Guantanamo/Detainees

'Boy Soldier' Faces Gitmo Tribunal, Could Be First Under Obama Administration


The youngest detainee at Guantanamo Bay—Omar Khadr, who was 15 when he is alleged to have thrown a grenade that killed a U.S. Special Forces medic in Afghanistan—is a lightning rod for criticism of the Obama administration over whether it’s proper to try a child soldier.

His age and circumstances have U.N. officials, human rights advocates and his defense lawyers arguing that Khadr is a candidate for rehabilitation rather than prosecution, the Washington Post reports.

But U.S. government officials are forging ahead with plans to try Khadr this July in a military tribunal at Guantanamo Bay. Khadr, a Canadian citizen, is one of six detainees facing military commission trial rather than trial in federal court. Khadr’s case is likely to be the first full military commission trial since Obama took office.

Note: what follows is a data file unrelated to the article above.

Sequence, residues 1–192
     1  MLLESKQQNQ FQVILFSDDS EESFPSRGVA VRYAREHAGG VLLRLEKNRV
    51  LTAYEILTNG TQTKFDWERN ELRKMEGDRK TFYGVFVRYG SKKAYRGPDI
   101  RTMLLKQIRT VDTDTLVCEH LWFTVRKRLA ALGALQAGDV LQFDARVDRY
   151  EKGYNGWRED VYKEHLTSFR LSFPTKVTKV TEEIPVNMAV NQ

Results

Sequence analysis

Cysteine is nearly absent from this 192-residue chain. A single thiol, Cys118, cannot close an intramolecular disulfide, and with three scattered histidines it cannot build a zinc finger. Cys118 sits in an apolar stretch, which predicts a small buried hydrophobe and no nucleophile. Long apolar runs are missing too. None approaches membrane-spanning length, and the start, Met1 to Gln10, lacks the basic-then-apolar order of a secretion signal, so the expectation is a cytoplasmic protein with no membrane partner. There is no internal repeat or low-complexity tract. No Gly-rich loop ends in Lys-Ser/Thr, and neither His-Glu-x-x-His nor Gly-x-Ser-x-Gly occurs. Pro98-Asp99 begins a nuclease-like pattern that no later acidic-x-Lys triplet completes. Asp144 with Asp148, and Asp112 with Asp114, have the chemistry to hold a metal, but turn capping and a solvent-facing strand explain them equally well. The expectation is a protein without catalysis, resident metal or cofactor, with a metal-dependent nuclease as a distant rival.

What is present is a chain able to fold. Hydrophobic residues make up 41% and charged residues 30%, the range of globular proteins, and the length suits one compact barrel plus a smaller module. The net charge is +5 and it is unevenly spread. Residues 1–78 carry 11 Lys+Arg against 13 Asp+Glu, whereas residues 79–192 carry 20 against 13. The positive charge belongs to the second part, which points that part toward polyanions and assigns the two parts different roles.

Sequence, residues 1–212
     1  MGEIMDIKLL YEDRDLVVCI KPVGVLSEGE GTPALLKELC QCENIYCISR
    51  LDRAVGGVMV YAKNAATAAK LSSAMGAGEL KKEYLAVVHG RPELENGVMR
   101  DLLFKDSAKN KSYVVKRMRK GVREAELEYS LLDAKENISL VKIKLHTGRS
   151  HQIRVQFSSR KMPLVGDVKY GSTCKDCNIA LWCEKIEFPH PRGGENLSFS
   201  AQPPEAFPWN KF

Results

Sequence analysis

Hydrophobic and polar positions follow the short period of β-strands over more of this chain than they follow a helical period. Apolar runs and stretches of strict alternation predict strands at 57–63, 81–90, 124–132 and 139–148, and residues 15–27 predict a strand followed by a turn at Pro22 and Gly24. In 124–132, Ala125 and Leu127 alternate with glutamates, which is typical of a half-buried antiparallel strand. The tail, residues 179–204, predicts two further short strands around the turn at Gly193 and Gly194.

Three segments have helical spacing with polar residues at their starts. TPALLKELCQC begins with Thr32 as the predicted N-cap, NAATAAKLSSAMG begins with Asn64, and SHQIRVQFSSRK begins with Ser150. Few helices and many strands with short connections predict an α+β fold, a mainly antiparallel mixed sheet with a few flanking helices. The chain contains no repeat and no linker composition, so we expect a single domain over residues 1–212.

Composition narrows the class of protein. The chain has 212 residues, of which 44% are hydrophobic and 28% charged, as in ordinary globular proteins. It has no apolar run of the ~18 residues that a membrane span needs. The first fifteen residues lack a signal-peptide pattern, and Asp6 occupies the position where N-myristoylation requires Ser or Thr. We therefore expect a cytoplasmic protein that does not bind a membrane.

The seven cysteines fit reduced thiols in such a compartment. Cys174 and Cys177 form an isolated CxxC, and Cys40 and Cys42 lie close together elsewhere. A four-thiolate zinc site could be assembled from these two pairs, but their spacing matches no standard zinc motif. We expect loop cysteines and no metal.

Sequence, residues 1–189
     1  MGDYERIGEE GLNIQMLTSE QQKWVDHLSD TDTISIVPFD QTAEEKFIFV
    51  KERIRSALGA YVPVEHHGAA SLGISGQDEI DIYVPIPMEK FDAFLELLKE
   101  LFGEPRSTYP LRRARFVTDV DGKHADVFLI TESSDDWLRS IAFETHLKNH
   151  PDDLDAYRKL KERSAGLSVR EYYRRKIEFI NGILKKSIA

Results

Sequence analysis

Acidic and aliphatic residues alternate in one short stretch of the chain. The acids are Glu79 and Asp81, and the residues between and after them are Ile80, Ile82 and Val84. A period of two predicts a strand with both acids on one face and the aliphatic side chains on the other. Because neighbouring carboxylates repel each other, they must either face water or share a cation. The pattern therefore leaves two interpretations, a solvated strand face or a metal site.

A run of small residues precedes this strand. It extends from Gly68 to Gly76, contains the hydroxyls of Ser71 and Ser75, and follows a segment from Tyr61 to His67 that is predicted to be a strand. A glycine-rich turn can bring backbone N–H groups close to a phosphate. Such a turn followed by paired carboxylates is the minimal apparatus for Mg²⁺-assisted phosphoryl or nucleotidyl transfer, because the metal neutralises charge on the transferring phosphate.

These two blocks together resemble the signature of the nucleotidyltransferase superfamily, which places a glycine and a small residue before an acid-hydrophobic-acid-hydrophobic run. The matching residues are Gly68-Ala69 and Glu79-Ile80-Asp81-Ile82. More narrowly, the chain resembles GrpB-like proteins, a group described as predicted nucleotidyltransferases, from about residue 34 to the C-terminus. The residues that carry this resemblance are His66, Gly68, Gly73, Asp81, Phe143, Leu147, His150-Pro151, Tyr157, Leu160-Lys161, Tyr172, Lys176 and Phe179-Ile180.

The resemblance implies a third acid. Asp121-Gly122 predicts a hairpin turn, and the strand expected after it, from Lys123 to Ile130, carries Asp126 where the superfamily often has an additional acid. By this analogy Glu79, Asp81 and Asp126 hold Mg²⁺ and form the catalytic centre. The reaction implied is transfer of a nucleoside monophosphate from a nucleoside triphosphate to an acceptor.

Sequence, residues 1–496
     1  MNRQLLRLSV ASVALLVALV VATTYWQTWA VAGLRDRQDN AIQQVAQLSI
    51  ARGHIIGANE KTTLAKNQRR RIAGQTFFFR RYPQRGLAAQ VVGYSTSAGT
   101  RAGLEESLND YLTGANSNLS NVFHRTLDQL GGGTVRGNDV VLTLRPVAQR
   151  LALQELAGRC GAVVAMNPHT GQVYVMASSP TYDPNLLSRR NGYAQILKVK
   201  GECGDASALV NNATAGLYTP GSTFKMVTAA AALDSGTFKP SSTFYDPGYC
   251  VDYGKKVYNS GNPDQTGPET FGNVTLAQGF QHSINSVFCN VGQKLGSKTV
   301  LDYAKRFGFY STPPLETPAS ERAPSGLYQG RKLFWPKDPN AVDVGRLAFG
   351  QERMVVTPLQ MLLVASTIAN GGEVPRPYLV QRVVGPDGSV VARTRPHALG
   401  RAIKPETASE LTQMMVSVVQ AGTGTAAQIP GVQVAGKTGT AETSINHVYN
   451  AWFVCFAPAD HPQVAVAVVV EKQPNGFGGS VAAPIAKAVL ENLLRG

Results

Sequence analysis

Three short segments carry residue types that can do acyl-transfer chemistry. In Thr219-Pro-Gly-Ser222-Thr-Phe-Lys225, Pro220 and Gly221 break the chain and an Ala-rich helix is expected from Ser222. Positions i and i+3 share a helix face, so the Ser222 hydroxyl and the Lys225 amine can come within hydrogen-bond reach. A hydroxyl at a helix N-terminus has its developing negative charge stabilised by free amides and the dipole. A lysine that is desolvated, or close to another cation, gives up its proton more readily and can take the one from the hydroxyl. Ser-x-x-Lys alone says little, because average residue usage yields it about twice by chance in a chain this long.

Khadr is accused of the 2002 killing of Delta Force 1st Sgt. Christopher Speer, a father of two, and of partially blinding Sgt. Layne Morris.

Last month, the Supreme Court of Canada ruled unanimously that it would not compel the Canadian government to seek his repatriation, the Post noted.

Related coverage on ABAJournal.com:

Tapes Show Sobbing Youth Being Questioned at Guantanamo

Canada Must Give Interrogation Info to Omar Khadr

Canada’s Top Court Considers Controversial Khadr Case

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